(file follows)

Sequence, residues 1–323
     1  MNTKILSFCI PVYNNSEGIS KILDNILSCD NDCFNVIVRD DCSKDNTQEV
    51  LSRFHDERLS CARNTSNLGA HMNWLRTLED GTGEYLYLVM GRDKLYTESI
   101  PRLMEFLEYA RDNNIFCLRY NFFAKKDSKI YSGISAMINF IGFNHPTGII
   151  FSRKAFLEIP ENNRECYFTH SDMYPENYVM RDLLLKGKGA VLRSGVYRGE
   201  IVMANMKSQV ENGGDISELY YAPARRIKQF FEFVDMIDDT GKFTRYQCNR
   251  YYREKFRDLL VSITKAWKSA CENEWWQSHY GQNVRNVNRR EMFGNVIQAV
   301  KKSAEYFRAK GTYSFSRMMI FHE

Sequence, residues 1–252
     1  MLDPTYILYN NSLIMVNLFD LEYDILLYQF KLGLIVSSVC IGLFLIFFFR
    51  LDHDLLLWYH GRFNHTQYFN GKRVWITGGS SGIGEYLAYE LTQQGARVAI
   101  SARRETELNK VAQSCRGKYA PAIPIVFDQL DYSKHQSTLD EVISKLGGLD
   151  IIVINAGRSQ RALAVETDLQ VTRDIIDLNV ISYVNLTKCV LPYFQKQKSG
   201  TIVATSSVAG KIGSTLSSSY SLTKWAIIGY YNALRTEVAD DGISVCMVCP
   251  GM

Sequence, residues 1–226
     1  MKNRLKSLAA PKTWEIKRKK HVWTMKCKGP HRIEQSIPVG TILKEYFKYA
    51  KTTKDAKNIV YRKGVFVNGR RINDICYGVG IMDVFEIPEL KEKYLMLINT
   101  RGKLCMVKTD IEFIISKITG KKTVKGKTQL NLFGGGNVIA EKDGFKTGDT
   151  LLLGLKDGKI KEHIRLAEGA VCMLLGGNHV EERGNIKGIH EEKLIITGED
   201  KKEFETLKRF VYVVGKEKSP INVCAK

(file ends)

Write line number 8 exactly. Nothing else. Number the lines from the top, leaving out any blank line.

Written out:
   301  KKSAEYFRAK GTYSFSRMMI FHE